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Intellectual Property are creations of the mind. They are songs, books, scientific formulas, plays, drawings, emails, Facebook posts, or anything that is written, recorded (audio and visual), drawn, invented, or created.

All intellectual property is protected by copyright even if it is not registered or does not have the copyright symbol ©.

Fair Use permits the limited use of the works of others in certain circumstances. These are only general rules rather than definitive ones. This was done to avoid limiting its definition and allowing it to be open to interpretation much like free speech.

Fair Use Factors

You need to consider four factors when deciding if it qualifies for Fair Use.

1. Purpose and Character of Use

  • Is it for commercial use? Will you be paid? If so, it isn't allowed under Fair Use.
  • Is it for nonprofit educational purposes or commercial? If so, it is allowed with Fair Use.
  • Is it transformative, meaning it adds something new and isn't a substitute for the original use of the work? If so, it is allowed with Fair Use.
  • However, remember that Fair Use isn't set rules. Courts balance the purpose and character of the use along with other factors to decide if it is fair or not. In other words, not all educational purposes are fair nor all commercial uses unfair.

2. Nature of the Copyrighted Work

  • Is it a published work? If so, it is allowed more under Fair Use unlike an unpublished work, which would be less supported.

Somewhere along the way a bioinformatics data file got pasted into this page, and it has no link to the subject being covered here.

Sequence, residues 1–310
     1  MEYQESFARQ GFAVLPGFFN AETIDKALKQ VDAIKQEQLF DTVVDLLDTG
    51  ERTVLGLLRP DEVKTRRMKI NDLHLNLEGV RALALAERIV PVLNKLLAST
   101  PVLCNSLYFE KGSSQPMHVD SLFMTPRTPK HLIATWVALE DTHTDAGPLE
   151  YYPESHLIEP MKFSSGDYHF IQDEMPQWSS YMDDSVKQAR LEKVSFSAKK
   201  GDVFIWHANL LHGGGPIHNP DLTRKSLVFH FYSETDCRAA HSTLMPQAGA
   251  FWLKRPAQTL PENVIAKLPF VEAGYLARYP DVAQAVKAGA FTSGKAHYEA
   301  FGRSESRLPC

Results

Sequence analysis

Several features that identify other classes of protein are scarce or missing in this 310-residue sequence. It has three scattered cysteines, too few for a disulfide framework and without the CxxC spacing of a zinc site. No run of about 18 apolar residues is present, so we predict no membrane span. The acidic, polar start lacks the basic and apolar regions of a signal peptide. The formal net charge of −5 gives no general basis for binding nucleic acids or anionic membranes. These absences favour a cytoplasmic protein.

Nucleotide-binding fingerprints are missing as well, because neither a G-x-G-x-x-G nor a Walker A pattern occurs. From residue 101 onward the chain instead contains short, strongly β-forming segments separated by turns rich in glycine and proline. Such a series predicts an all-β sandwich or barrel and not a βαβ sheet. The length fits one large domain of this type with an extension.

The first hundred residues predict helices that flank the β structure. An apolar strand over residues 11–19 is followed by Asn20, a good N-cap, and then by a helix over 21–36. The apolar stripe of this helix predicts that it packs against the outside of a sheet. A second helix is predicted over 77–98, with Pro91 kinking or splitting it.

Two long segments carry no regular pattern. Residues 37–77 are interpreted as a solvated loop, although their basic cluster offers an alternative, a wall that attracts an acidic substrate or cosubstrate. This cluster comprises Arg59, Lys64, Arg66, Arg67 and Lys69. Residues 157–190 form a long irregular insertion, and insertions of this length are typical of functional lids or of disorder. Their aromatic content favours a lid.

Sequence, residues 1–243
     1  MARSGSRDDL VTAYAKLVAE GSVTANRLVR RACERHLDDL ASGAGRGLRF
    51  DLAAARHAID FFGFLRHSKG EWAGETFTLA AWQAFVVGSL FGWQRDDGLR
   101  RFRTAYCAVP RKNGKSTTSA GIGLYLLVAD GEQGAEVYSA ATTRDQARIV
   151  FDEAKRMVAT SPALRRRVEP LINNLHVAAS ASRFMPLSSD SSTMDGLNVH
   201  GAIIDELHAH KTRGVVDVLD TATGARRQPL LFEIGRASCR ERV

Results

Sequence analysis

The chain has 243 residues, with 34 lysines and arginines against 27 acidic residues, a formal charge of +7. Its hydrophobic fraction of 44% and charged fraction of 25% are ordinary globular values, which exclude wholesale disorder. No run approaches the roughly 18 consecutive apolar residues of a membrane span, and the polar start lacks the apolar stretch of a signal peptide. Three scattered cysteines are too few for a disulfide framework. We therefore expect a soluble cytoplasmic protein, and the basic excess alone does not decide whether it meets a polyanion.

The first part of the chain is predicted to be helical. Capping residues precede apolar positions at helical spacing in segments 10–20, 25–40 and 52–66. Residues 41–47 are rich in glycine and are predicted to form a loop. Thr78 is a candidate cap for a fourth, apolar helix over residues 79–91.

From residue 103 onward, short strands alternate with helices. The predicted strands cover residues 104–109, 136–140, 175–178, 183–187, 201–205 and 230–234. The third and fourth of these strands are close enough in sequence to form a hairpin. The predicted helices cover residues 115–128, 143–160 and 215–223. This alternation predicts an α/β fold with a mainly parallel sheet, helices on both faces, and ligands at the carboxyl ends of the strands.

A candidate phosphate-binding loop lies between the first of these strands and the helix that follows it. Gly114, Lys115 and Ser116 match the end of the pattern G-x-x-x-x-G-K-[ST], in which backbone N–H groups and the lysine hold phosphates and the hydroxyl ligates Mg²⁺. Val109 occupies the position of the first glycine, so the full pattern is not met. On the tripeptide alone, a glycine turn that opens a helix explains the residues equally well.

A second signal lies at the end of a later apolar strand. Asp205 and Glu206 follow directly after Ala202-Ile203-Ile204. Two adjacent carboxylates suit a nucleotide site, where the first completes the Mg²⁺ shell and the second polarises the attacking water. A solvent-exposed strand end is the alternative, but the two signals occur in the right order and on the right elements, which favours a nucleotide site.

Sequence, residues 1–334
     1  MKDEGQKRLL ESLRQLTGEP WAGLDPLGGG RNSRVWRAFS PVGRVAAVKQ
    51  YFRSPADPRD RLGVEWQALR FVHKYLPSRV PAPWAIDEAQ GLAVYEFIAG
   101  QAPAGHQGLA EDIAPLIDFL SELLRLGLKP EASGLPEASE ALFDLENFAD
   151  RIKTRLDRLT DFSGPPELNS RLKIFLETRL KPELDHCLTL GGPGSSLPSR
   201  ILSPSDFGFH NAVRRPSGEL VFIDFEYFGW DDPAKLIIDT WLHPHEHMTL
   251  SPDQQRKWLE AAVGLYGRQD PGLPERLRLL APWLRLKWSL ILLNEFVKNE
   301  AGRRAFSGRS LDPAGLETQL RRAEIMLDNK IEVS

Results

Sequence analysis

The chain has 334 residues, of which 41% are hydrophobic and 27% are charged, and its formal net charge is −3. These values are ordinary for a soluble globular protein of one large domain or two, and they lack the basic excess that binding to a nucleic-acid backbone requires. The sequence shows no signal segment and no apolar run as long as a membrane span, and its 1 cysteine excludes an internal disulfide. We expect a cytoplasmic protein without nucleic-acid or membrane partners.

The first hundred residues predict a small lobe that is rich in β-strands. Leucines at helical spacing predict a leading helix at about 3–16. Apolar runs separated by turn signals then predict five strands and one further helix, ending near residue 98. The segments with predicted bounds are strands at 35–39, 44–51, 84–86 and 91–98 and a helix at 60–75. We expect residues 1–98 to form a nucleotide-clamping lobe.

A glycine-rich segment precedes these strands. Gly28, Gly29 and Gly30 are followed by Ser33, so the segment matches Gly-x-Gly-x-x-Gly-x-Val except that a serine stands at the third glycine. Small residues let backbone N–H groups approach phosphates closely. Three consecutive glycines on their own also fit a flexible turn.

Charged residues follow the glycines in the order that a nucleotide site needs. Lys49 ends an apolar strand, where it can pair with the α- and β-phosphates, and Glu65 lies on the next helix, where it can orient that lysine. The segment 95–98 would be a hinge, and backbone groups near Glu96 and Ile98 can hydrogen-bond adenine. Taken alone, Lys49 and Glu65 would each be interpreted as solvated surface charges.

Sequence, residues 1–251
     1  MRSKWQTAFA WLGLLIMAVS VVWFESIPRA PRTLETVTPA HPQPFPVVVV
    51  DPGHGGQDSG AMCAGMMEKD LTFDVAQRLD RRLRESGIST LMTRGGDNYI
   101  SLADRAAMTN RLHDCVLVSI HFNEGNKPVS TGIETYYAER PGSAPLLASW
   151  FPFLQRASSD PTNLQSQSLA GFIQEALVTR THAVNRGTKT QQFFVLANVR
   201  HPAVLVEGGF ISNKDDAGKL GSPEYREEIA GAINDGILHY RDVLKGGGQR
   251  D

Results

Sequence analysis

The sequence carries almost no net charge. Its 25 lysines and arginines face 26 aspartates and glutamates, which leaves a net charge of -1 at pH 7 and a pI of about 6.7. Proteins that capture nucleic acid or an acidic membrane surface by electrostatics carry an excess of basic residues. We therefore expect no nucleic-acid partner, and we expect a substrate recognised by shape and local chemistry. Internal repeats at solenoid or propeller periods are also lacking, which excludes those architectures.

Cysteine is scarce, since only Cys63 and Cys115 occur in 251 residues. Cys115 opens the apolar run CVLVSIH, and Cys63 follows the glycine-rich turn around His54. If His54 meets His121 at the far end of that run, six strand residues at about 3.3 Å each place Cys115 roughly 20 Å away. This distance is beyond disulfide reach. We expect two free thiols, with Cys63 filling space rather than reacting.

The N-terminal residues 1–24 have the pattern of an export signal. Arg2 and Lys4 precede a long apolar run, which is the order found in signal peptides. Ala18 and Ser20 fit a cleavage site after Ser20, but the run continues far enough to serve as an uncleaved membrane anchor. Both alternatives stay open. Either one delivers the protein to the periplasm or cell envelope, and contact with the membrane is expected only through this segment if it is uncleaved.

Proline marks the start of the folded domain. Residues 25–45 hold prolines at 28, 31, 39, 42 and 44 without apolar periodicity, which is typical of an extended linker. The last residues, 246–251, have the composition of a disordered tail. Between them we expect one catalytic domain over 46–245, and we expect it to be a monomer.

• Is it factual or nonfiction based? If so, it is allowed more under Fair Use. Highly creative works such as music, movies, plays, novels, works of fiction are less supported.
  • Is the objective educational? If so, it is allowed more under Fair Use.

3. Amount of the Work Used

  • Are you only using a small portion of the work? Fair Use is more likely rather than if you are using a large portion of the work.
  • Are you using an important part or "heart" of the work? If so, it wouldn't be considered Fair Use.

4. Effect of Use on the Market

  • Does the use harm the market (i.e. the buying and selling) of the work? If it does, it isn't Fair Use.
  • Courts consider if the use is harming the market for the original work by displacing sales. An example of an unfair use that would hurt the market of a work would be photocopying a workbook rather than buying it.

Fair Use Resources

Peru State College Library
600 Hoyt Street | Peru, NE | (402) 872-2311